Erasmus And Luther Free Will Analysis

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Free Will and its Relation to Grace: Erasmus versus Luther

In our reading on Discourse of Free Will, we develop a wholesome idea of the opinions both Erasmus and Luther had on the topic of free will and the how it correlates with God’s grace. Once we look beyond the back and forth debate of this text, we will begin to look at their theological opinions on free will separately to find a better understanding and formulate our own opinions on this commonly debated topic. As we look at the different points of view between Luther and Erasmus, we will begin looking at Discourse on Free Will. As Luther states, “You make the power of free will small and utterly ineffective apart from the grace of God. Acknowledged? Now then, I ask you: If God’s
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As one scholar speaks regarding the relationship between Erasmus and Luther, “Martin Luther, who had sought Erasmus’s approval… felt that ‘with him, human things were of greater value than divine’… he begged for Erasmus’s support in his struggle with the Curia. Erasmus replied, not very cordially, professing ignorance of Luther’s writings, but declaring that he had urged modernation in influential quarters” (Gilmore 315). Before researching in the text of the New Catholic Encyclopedia, I was unclear what exactly started this ‘feud’ between two brilliant theological men during the time period of the reformation. While Luther was seeking Erasmus’s approval, it looks as though he does not think of himself as highly as we realize what is portrayed in Discourse on Free Will. With the knowledge we now have regarding the early beginnings of this relationship, it is easy to conclude why Luther constantly seems to be more on the defensive side of the argument and much more aggressive as …show more content…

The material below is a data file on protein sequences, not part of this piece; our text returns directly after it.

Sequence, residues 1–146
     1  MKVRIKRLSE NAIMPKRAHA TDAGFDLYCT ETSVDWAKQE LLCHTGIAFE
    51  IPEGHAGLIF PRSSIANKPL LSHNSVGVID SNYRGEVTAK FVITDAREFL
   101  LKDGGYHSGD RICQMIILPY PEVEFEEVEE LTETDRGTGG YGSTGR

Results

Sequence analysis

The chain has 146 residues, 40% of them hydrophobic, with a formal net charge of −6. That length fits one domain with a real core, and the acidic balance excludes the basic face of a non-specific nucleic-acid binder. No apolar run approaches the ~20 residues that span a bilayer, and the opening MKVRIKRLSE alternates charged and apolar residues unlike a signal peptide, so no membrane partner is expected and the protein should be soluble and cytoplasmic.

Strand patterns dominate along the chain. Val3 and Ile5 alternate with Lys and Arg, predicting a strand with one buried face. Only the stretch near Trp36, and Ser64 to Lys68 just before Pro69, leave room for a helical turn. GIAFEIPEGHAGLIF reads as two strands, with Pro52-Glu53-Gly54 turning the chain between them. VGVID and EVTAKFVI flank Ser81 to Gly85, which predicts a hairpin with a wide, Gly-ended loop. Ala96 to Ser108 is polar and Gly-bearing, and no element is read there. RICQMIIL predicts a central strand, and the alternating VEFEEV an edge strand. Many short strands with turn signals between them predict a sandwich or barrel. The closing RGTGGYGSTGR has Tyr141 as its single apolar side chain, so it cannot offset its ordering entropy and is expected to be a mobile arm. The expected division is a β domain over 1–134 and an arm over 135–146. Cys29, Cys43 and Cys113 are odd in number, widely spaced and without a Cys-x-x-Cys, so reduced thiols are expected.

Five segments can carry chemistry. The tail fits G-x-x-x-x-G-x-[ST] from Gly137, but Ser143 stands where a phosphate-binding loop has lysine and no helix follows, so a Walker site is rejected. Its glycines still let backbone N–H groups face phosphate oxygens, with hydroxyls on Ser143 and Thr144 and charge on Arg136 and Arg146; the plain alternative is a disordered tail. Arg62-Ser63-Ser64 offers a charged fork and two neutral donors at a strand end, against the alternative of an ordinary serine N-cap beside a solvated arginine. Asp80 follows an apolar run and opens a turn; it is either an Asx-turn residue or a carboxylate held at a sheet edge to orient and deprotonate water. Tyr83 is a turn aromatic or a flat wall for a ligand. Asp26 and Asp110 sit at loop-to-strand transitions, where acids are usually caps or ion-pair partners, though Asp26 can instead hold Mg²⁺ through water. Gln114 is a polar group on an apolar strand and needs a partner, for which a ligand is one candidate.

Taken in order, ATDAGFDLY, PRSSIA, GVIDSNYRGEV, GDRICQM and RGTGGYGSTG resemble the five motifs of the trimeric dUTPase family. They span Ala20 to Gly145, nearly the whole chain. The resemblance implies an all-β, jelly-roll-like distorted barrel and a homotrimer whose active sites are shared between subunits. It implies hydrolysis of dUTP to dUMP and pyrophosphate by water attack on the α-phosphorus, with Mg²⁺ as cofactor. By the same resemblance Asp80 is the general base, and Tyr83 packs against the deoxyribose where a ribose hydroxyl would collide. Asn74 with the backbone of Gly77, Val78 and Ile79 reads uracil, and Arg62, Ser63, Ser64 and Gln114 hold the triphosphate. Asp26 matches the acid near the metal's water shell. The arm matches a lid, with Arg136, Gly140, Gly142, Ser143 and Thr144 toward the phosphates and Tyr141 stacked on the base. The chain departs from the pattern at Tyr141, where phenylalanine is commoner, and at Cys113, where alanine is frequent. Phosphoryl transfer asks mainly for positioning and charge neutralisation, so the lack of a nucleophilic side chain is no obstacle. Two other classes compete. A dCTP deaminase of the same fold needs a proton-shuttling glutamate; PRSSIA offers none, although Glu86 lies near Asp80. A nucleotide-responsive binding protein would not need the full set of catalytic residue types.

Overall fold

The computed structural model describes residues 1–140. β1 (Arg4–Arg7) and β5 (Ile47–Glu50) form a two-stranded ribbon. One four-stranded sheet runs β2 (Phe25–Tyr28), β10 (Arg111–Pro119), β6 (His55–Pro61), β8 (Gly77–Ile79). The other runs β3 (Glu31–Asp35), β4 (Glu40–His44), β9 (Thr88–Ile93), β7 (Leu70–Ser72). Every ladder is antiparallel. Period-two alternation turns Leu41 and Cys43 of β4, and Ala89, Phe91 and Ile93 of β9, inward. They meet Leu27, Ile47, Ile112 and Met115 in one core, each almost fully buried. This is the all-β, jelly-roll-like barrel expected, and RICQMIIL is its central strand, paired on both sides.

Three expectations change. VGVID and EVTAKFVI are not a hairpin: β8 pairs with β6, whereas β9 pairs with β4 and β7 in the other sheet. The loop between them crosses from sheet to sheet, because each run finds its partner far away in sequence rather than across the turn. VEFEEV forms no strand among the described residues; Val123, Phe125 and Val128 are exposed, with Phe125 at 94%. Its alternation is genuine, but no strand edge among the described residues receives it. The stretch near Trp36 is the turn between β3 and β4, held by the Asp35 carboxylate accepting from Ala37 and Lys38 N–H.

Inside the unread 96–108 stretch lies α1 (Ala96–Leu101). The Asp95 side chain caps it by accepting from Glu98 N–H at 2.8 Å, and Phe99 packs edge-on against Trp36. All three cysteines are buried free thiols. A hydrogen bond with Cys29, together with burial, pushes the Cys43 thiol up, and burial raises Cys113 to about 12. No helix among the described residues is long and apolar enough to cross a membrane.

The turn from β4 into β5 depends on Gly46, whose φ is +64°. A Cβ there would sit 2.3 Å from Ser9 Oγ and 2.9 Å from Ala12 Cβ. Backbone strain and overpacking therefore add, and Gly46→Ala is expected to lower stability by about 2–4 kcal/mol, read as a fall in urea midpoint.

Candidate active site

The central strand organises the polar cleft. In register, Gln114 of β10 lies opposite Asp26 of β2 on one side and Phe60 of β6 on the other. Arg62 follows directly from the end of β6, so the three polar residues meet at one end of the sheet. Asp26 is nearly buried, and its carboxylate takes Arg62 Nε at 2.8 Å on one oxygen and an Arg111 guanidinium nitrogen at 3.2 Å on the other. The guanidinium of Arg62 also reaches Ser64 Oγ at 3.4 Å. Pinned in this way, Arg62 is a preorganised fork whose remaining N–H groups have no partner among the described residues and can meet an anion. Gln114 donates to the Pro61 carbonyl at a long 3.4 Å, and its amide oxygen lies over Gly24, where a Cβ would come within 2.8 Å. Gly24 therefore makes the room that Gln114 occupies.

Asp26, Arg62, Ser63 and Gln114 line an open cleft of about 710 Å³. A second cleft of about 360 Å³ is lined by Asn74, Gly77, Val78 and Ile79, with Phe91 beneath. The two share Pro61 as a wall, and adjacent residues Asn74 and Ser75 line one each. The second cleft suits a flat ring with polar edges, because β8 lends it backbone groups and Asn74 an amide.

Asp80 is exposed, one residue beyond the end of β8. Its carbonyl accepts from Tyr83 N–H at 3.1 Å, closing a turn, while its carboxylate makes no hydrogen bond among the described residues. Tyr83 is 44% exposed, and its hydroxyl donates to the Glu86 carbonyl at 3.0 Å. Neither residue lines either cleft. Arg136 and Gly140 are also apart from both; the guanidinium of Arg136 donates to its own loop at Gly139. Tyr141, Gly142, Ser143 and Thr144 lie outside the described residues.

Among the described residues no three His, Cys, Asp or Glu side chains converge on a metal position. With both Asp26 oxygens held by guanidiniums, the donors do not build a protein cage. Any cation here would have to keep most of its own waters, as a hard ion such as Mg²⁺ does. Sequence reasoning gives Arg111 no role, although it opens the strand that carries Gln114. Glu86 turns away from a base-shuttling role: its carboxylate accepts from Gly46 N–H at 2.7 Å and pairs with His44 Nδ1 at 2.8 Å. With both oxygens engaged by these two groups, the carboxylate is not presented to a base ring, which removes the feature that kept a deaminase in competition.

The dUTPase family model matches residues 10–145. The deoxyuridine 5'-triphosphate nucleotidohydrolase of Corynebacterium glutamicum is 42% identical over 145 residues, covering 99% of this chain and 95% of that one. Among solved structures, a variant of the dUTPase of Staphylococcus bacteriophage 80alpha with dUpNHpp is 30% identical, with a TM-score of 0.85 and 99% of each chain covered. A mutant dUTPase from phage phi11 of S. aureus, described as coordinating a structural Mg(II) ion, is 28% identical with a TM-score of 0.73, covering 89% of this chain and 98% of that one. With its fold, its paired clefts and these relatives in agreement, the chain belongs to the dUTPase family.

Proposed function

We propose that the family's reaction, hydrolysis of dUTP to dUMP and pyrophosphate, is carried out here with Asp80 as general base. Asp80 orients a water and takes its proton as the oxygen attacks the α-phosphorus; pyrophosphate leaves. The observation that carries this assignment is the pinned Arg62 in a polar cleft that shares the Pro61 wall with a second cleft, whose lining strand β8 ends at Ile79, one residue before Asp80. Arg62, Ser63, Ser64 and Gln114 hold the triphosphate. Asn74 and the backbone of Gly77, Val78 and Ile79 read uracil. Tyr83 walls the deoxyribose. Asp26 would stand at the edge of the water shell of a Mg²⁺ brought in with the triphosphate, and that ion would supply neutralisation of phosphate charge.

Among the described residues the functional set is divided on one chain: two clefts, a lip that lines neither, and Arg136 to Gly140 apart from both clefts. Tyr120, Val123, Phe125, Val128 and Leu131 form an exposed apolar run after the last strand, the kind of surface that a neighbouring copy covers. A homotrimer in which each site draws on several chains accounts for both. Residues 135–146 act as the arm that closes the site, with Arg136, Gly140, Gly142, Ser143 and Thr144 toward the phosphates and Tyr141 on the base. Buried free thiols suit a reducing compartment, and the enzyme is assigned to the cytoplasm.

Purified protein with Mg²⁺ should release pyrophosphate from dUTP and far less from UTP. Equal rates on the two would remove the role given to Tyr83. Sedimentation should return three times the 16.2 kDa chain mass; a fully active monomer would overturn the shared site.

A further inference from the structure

In my opinion, if we were to take a step back and combine the two arguments, minus the slashes at one another, we would perceive that they think more alike than one may realize. In researching this topic, it has truly opened my eyes into seeing both perspectives into thinking about free will. Not everything about the opinions posed make complete sense to me such a in the text Discourse of Free Will, “These words would be superfluous and powerless, if everything could be reduced to necessity” (Bloomsbury, Erasmus 47). When integrated the text in which they are referring to, this specific line with Erasmus regarding a passage in Matthew seems to be slightly misleading within the context of the statement. What especially appeared to be confusing was this evidence that as the gospel is filled with ‘exhortations’, and neither nature or necessity could earn God’s merit, I have yet to fully understand how to know how much free will God has given us and expects us to use. With unity considered, we must look at how much we are letting ourselves trust in God’s grace, whether we side with Erasmus or Luther’s’ opinion on free will and the simplicity of how much, if anything, He has given to us. Clearly there is more to learn from these scholars, as proven by continuous studies and

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